The Rossendale Valley was well represented at the Lancashire Tourism Awards at Stanley House Hotel & Spa.
The Whitaker Museum & Art Gallery was the big winner of the evening, with the Rawtenstall, Rossendale, Lancashire named Cultural Venue/Organization of the Year.
There was also recognition for the Eagle and Child in Ramsbottom, Bury, Greater Manchester with outgoing owner Glen Duckett – who also runs social inclusion business Eat Grow Thrive – crowned Unsung Hero of the Year. year, recognizing the work of individuals or groups throughout the pandemic.
The Whitaker’s delighted general manager, Carl Bell, said: ‘We were faced with the conservatories and [Lowther Pavilion] Lytham St Annes and a few other big boys, so we’re very, very happy to have him.
Following its £2.2m lottery-funded facelift, the venue – which announced a merger with Rossendale Leisure Trust (RLT) last February – now boasts expanded exhibition space and new facilities for visitors.
The art gallery will open two new exhibitions on Thursday, February 10 – “Everything is Green” by Ruth Murray and “Edge Collection” by Harry Grundy.
On Thursday, February 17, The Whitaker will premiere an evening on The Life and Poetry of Samuel Bamford by Neil Bell, who played Bamford in Mike Leigh Film Peterloo.
And Manchester’s award-winning shorts will be screened at the venue’s Kinofilm festival on Thursday 3 March.
A far cry from 2013, when a funding dispute between county and borough councils cast doubt on the future survival of the Rossendale Museum.
Carl says they are expected to reach 55,000 annual visitors in their first year since reopening in July – several months ahead of the target set by heritage funders.
He told the Rossendale Free Press: “We are very happy, especially with everything that is happening with Covid and the reopening.
“We were in a very difficult scenario, but it was really successful. We certainly didn’t lose any numbers. Obviously we have invested and are doing more marketing.”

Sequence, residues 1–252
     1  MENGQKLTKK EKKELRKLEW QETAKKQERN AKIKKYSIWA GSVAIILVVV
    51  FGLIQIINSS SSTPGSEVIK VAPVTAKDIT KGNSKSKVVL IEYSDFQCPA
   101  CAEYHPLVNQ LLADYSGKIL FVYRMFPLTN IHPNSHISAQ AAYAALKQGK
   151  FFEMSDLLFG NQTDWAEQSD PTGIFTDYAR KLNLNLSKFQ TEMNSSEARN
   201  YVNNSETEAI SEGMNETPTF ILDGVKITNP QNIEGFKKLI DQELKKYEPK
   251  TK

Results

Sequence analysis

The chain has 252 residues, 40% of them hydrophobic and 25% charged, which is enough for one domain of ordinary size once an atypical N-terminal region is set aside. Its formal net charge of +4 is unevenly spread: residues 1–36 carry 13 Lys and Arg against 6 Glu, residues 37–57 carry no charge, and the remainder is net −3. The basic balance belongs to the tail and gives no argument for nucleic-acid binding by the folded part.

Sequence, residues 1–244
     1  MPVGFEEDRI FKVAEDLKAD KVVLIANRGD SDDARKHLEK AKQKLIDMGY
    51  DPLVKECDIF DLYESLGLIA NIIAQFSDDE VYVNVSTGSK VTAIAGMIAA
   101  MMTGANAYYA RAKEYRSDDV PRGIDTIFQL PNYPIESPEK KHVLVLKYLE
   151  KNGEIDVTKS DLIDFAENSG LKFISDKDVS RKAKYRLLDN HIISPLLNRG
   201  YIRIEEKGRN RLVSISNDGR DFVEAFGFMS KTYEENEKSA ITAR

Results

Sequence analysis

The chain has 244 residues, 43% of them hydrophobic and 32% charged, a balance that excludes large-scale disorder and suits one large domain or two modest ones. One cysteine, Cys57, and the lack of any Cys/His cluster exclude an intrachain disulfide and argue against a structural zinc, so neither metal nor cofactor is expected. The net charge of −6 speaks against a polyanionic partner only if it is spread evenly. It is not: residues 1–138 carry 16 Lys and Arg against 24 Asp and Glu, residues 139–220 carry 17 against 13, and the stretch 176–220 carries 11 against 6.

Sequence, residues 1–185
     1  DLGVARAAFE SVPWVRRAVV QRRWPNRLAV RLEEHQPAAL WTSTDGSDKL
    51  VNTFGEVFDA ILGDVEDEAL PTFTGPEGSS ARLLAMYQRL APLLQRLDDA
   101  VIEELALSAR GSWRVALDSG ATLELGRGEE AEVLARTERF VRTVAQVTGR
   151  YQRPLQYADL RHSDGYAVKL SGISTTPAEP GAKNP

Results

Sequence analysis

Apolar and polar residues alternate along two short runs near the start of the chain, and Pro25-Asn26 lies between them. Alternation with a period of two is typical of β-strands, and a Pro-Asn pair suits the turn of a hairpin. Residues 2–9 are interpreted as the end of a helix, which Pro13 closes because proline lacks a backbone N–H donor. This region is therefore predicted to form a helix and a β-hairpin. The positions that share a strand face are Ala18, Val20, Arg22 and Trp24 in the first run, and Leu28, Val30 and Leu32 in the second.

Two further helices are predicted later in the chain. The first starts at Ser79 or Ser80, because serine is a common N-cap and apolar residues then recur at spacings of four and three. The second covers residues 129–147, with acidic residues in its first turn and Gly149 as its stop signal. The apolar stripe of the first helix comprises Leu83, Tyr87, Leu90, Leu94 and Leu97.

He said the connection to the RLT has given them a broader reach and allowed them to advance their community goal.
“The good thing about the award is that they recognized the level and quality that we managed to maintain – even though we doubled in size,” added Carl.
“We are looking for national and international artists – we are moving in the right direction.”
A Leisure Trust spokesperson said: ‘Congratulations to the Whitaker – Rossendale Museum and Art Gallery on a well-deserved award for a fantastic team last night at the Lancashire Tourism Awards.’
Marketing Lancashire welcomed nearly 400 tourism and hospitality partners and colleagues, at the guest event hosted by comedian Tez Ilyas.
Dearden Wood, Edenfield and Rossendale Holiday Cottages & Glamping reached the bottom three before being listed in the Camping, Glamping & Holiday Park of the Year category, the latter also being a finalist for the Self-Catering Accommodation of the Year award .
Multi-award winning Eagle & Child was also a finalist in the new Resilience and Innovation category, driven by the challenges of the past two years.
Throughout the lockdown, it acted as a community hub providing over 1,500 meals to vulnerable people, and also provided food parcels and support to local organisations.
Mr Duckett, who took over the abandoned venue in 2011, recently handed over the reins to Bill and Will Gallie, of Gallie Inns.
The pub’s social media manager, Robyn Eames, said: “I’m incredibly proud to have worked for a boss like Glen, to give people like me a chance when others wouldn’t and to always look for ways to help people.”
In her opening speech, Rachel McQueen, Managing Director of Marketing Lancashire, said: ‘We have lost so much over the past two years, and I know many in this room will have suffered personal and professional pain.
“But we have also gained something – the undeniable truth that the Lancastrian spirit will never be defeated, and the recognition, at last, that this great county is nothing without its tourism and hospitality businesses.
“When you were forced to close everyone realized how much they missed you and how the visitor economy has a big impact on the quality of life in Lancashire.”
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